Your work in the former Soviet Union is often noted as the “bread and butter” of JDC. Why?
In Russia, Ukraine, Moldova, and other post-Soviet States, some 100,000 Jewish lives are on the line – elderly Jews, half of whom are Holocaust survivors, who are struggling today to survive on miniscule government pensions as low as $2 a day. With no families left to help them, many would die without the food, medicine and homecare we provide through our network of Hesed social welfare centers supported by the Federations in partnership with the Claims Conference, International Fellowship of Christians and Jews, and many others. We have also seen the blossoming of Jewish life among communities across the region, where our JCCs, Shabbat family retreats, leadership training, and youth programs are stacking the deck for more advancement in Jewish life. Legions of volunteers we have fostered have joined us in our work caring for the needy and innovating the way “being Jewish” is done. This was unimaginable when Communism fell and the Jews of the region are truly among the avant garde of Jewish creativity.
Speaking of the future of Jewish life, what is your forecast for Europe, where there is great concern over anti-Semitism, terror and political changes?
We’re bullish on the Jewish future in Europe. Yes, there are deep concerns, but it is balanced by a multi-faceted and bold Jewish landscape in Western, Central, and Eastern Europe. And that was once unthinkable. So we have a two-pronged approach: strengthen Jewish community resilience – emergency and crisis planning, security, and trainings in preparedness – and continue our major investments in Jewish life that have Jewish generations rising from Poland to Bulgaria. Young people are leading the way in these efforts, nurtured by programs like the JDC-Lauder International Youth Camp at Szarvas, Hungary. Since 1990, Szarvas has enabled over 25,000 campers from more than two-dozen countries to forge Jewish identities, strengthen their home communities, and contribute to the global Jewish world.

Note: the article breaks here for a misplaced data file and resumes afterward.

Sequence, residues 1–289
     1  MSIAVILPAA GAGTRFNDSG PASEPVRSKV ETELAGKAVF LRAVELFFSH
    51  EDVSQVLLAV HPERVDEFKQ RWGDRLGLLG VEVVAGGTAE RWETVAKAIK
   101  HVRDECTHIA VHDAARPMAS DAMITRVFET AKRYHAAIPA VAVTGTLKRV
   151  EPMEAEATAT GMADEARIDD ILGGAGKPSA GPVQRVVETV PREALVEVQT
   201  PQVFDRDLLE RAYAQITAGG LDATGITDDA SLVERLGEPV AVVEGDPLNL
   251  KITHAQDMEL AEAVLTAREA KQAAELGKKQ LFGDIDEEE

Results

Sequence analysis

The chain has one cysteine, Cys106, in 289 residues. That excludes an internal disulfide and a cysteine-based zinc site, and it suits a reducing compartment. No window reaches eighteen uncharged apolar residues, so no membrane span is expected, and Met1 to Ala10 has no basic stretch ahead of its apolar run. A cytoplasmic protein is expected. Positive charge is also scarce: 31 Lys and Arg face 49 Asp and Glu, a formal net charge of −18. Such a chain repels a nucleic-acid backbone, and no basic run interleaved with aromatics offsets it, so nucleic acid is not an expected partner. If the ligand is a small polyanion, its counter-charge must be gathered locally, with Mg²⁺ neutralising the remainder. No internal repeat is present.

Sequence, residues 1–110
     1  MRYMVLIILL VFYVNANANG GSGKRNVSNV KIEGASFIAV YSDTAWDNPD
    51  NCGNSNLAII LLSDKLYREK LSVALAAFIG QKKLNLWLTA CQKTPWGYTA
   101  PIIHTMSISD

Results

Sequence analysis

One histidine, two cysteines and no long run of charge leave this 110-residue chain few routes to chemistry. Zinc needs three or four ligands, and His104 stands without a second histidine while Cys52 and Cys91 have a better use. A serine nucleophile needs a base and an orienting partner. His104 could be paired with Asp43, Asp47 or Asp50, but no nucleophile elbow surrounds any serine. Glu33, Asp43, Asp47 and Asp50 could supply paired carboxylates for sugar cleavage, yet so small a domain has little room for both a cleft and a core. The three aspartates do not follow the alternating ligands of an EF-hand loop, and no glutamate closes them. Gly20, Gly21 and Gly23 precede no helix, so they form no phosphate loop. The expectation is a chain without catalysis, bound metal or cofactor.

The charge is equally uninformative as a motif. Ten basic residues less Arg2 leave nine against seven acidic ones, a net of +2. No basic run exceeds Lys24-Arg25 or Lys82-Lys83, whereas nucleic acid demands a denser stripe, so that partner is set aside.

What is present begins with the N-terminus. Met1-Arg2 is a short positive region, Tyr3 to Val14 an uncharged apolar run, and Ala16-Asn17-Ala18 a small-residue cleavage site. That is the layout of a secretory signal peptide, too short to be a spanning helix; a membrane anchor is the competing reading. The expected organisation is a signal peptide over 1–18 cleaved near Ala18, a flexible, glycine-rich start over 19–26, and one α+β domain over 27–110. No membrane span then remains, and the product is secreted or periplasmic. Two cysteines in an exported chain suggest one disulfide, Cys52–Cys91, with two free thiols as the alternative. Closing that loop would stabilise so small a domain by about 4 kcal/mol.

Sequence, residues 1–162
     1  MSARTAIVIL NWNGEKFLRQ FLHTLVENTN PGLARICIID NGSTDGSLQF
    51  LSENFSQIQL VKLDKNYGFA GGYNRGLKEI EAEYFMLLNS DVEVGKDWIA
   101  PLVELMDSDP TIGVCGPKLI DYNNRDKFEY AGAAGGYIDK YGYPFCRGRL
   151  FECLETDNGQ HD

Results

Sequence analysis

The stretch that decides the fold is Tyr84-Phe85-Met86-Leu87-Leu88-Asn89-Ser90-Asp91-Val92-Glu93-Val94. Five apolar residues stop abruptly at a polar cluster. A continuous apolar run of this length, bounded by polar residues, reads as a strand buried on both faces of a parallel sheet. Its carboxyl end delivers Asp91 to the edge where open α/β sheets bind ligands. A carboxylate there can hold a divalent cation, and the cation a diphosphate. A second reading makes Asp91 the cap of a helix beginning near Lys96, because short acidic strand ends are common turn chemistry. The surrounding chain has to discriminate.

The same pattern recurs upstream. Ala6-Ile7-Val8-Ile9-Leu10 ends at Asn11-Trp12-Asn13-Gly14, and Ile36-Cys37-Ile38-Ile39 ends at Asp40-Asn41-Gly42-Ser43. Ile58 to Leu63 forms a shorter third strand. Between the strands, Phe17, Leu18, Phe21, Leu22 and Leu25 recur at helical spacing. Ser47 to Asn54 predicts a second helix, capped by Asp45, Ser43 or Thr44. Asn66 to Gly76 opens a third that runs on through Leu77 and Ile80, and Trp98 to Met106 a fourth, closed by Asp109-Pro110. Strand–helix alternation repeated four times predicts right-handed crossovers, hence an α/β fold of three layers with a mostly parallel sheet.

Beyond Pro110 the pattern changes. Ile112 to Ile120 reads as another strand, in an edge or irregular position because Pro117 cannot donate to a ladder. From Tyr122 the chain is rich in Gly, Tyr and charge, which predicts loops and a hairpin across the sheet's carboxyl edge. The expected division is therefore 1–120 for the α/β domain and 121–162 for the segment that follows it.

What about young Jews in North America and beyond, who, it is often assumed, are unengaged?
We have found the answer in JDC Entwine, our young professionals platform that is inspiring and empowering a rising generation of young Jewish leaders to live a life of action with Jewish responsibility at its core. The simple truth is this: young adults, especially young Jews, want to engage in the world, change lives, and have a real impact on challenges. Once they learn about these issues, they are passionate about doing something about them. To that end, we’ve already reached 20,000 Jewish young adults through Entwine’s transformative service experiences overseas and innovative educational tools to build Jewish community at home. Entwine alumni leaders are motivating their peers and wider networks to engage in global issues and learn about Jewish life around the world. Entwine’s ReOrdered Passover toolkit launched this year and already reached thousands of people, giving them insights on global Jewish communities and a taste of how our work touches their lives.
JDC has been called the “9-1-1 of the Jewish world.” What about your disaster relief and broader international development work?
Almost since our founding, when disasters or other crises devastate our neighbors and other vulnerable people, we have responded. With the help of the Federations, and thousands of others, we’ve already responded this year to disasters in Guatemala, India, and Indonesia, often with the local Jewish community playing an important role. We are also focused on new initiatives to empower some of the world’s poorest people in the developing world. Just last month we launched a program called TOV (Tikkun Olam Ventures), which utilizes Israeli AgTech and a Jewish philanthropic loan fund to lift smallholder farmers out of poverty in Africa.
Taking a wider lens, what about far-flung and Jewish communities we don’t often hear about?
We’re proud to continue to our work with Jews and Jewish communities in places like Latin America, North Africa, and Asia. From those facing financial challenges in Venezuela and the provinces of Argentina, to bolstering thriving Jewish life in Cuba, engaging the younger Jewish generation in India, and investing in Jewish education in Morocco and Tunisia, together we are putting global Jewish responsibility into action with compassion, and boots on the ground on almost every continent.
For more information on JDC’s work in Israel, and around the globe, visit www.jdc.org